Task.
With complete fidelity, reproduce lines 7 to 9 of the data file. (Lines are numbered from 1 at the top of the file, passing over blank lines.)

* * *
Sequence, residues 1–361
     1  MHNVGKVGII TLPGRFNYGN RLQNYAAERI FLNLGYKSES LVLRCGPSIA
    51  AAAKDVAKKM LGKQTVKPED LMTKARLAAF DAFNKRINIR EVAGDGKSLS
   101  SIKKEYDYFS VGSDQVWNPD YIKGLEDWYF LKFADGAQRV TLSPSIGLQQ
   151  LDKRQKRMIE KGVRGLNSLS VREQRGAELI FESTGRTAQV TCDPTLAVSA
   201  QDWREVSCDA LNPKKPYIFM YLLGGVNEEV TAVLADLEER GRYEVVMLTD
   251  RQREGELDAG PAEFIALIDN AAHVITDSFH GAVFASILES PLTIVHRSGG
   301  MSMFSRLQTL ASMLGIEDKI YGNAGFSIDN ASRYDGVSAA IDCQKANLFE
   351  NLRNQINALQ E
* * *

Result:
   251  RQREGELDAG PAEFIALIDN AAHVITDSFH GAVFASILES PLTIVHRSGG
   301  MSMFSRLQTL ASMLGIEDKI YGNAGFSIDN ASRYDGVSAA IDCQKANLFE
   351  NLRNQINALQ E